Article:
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Taking a stroll outside is always a good way for you to give yourself some down time.
With green shoots popping up around us and flowers just beginning to blossom, the next few months will present the perfect opportunity to explore Massachusetts’ various verdant gardens.
For Mother’s Day or any other day, from Beverly to the Berkshires, here are seven spots where you can smell the roses (or a few other flowers, at least) and let your mind unwind. Enjoy!
If you’re taking a trip to Martha’s Vineyard in the near future, be sure to immerse yourself in Mytoi, a truly mesmerizing Japanese-style garden with delightful pathways, inviting views and a quaint footbridge that leads to a private island.
Photo: Footbridge in Mytoi Garden
Just a 15-minute drive from Worcester, Tower Hill Botanic Garden offers elegant views of native perennials spread across 132 pristine acres. This year-round spot, known to many as a “living museum of plants,” is especially lovely outdoors during the warmer months. Nearby, you can enjoy casual fare at O’Connor’s Restaurant & Bar or extend your day of fresh air at the Tougas Family Farm. If you’re spending a few days in the area, the Beechwood Hotel will keep you comfy.
Photo: Tower Hill Botanic Garden Mountain Laurel
This Berkshires haven not only educates its visitors on the value of conservationism and environmentalism, but also serves as a peaceful escape for the avid nature lover. Stockbridge’s best-known botanical garden is a standout in a region that counts many scenic vistas, and it’s also a location that consistently hosts special events, which are always good to check before any visit.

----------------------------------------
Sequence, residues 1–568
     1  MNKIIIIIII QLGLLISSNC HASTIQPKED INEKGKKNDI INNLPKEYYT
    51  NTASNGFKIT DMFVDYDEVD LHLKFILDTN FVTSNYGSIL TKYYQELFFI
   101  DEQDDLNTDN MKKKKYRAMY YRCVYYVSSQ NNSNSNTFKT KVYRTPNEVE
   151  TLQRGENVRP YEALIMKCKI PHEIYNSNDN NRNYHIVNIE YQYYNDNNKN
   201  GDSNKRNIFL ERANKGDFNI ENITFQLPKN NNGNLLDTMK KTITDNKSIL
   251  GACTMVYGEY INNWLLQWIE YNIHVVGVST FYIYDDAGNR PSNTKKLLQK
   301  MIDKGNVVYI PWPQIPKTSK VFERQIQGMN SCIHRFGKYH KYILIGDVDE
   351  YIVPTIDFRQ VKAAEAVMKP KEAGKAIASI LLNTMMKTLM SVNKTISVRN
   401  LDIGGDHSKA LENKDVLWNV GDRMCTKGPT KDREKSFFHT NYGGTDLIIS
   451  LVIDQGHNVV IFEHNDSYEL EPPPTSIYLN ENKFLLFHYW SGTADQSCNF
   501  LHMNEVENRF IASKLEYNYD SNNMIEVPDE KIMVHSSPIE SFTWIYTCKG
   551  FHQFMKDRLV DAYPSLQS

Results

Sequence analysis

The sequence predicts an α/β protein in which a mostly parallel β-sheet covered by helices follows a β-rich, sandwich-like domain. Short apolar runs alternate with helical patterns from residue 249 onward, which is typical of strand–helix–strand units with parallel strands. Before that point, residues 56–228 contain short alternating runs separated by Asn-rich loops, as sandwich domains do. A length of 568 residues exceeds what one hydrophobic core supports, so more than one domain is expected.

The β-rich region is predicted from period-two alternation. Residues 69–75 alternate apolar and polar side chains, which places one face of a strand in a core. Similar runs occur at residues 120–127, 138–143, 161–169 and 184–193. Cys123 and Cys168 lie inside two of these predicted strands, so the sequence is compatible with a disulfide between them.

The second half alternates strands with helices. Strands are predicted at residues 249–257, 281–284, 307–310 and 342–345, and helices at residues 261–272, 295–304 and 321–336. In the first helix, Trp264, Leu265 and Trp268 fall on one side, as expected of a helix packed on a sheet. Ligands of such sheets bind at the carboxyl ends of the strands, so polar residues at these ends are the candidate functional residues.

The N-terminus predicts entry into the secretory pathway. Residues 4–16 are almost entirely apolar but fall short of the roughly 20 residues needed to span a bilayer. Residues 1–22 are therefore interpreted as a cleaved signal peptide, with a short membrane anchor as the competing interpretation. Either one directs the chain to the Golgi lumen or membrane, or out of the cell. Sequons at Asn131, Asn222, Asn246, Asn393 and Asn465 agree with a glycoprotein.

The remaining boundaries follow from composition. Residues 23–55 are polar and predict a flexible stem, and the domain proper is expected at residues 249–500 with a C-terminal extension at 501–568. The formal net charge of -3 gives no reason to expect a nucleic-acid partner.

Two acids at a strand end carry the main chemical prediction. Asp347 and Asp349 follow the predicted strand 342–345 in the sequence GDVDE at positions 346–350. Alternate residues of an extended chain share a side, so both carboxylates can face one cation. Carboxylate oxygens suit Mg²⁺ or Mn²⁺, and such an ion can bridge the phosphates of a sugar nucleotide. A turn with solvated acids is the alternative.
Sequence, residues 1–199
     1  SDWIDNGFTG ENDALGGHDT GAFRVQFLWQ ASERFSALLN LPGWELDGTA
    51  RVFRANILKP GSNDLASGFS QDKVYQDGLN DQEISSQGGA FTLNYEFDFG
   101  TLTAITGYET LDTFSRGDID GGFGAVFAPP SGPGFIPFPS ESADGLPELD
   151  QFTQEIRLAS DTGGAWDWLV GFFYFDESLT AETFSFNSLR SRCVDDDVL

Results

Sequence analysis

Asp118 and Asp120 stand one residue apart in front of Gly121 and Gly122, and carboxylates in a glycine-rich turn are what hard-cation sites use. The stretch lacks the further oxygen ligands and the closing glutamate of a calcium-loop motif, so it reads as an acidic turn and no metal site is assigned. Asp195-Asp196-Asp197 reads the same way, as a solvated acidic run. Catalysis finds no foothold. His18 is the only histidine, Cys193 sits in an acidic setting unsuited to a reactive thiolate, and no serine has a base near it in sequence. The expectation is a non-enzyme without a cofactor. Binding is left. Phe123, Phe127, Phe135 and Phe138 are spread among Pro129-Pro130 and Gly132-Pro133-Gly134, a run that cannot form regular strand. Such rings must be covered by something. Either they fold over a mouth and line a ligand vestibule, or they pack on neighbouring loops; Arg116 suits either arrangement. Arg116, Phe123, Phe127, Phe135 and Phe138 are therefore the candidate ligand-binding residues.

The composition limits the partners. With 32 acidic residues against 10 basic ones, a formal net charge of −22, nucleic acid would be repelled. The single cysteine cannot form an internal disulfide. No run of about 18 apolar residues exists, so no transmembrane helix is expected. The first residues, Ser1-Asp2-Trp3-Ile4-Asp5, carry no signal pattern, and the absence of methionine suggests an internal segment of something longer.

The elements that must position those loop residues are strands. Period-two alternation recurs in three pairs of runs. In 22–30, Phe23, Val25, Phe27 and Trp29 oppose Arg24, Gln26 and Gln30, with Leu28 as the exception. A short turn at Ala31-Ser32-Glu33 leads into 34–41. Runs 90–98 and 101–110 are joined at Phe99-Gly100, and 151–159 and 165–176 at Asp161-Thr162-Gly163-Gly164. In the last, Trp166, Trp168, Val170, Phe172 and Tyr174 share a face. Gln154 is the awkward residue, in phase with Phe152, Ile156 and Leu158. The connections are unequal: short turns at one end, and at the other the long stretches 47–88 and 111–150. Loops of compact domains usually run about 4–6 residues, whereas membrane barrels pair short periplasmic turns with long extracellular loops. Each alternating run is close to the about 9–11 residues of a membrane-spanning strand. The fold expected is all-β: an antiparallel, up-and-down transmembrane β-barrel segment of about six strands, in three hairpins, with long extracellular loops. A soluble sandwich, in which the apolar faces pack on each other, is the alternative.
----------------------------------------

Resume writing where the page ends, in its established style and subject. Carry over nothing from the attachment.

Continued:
Photo: Berkshire Botanical Garden in spring
Home to more than 176 varieties of lilacs, Arnold Arboretum is one of Massachusetts’ most historic natural sites. Since its founding in 1872, this nationally recognized landmark and research facility has preserved hundreds of acres of diverse floral plants, trees, vines, and much more.
Photo: Arnold Arboretum landscape
For a day filled with the arts, consider adding a customized private art tour with My Art Boston. If you’re in the area during summer, the Emerald Necklace Conservancy often hosts special events as well. And of course, a trip to Jamaica Plain is never complete without a stop at the original JP Licks (more food options here)! To rest your head in a similarly pastoral setting, consider a stay at The Taylor House Bed & Breakfast, which has some delightful gardens of its own.
Formerly an early 20th-century summertime family retreat, this North Shore spot showcases an impressive collection of rare tree and shrub species. Each garden, or “room,” surrounds the Federal-style estate, a spectacle in itself for those with an appreciation for New England’s rich architectural history.
An apple orchard, peaceful meadow, organic farm, children’s garden and scenic loop trail are among the other features that make Long Hill a springtime favorite for many. For more attractions in the area, click here, and for a list of suitable lodgings, just click here.
Photo: Flowers in Long Hill Arboretum
Much like other great sites, the Ashintully Gardens weren’t built in a day. This serene landscape, which is accompanied by a rushing stream and tranquil meadows, is the culmination of 30 years of work by contemporary composer John McLennan and is a true a springtime treat.
Photo: Ashintully Fountain
Typically open to the public beginning in June, visitors can relax by strolling the winding footpaths, taking in the delightful terraces and scaling the stone stairs. To complete your nature-inspired escape, opt for an overnight at the Cobble View B&B or the Tollgate Inn.
A popular and romantic wedding destination, this authentic 20th-century formal perennial garden is tucked away in the area’s living history museum, right along the South Shore. Spending a few minutes in the garden makes for some nice down time in between activities at Plimoth Plantation, where there’s always plenty to see and do. To spend more time around Plymouth, try a night or two at the Bramhall Cottage, Above the Bay at Thornton Adam’s House B&B, or any of these additional lodging areas.
Photo: Hornblower Garden at Plimoth Plantation
What’s one nature spot you like to visit each year in Massachusetts? Let us know in the comments!